NEW YORK/GENEVA, May 24, 2018—Doctors Without Borders/Médecins Sans Frontières (MSF) made the following statement after the adoption of a resolution on “Addressing the burden of snakebite envenoming” during the 71st World Health Assembly today. This resolution—adopted by 194 countries—is expected to provide a strong mandate for the World Health Organization to implement an ambitious snakebite “roadmap,” mobilizing governments and donors to respond to snakebite with the urgency and attention this neglected public health crisis demands.
MSF witnesses the devastating impact that snakebites have on victims, their families, and communities all over the world. Globally, snakebite envenoming kills an estimated 100,000 people every year, making it one of the deadliest neglected tropical diseases (NTDs). In 2017, more than 3,000 patients were admitted to MSF clinics for snakebite treatment, predominantly in sub-Saharan Africa and the Middle East.
“Too many people die or become disabled because they were unfortunate enough to have been bitten by a snake and don’t have access to effective and affordable treatment.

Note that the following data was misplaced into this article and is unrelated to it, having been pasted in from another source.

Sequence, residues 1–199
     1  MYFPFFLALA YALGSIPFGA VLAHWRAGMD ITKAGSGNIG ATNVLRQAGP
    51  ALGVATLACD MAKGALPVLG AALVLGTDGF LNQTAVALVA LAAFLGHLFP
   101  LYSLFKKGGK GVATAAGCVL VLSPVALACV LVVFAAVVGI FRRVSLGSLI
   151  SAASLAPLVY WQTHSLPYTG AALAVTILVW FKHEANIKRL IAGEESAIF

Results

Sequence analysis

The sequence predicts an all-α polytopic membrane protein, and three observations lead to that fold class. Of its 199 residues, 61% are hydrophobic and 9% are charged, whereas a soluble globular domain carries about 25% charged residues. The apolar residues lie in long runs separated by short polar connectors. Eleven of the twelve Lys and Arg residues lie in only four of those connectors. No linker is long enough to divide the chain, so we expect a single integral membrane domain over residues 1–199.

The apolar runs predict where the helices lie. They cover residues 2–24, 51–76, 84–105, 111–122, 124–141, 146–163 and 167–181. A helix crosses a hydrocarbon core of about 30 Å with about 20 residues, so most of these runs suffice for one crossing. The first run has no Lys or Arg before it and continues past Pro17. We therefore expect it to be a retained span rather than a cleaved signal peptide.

“We are encouraged to see that governments are finally getting serious about tackling snakebite. It’s a major killer that has remained one of the world’s most neglected public health emergencies for far too long. Passing a resolution means that snakebite will now be on both national and international health agendas, but governments now need to make concrete commitments.
“This resolution kick-starts an ambitious snakebite ‘roadmap.’ We want to see this roadmap lead to a reduction in snakebite-induced death and disability. To make the WHO snakebite roadmap a success, governments and donors need to pledge enough funds to scale up effective interventions, particularly technical assistance for countries to roll out the roadmap, the procurement and supply of affordable, quality-assured anti-venom products, and a dramatic reduction of out-of-pocket costs for snakebite victims, for whom access is a matter of life or death.”
—Julien Potet, NTD and vaccines policy advisor for MSF’s Access Campaign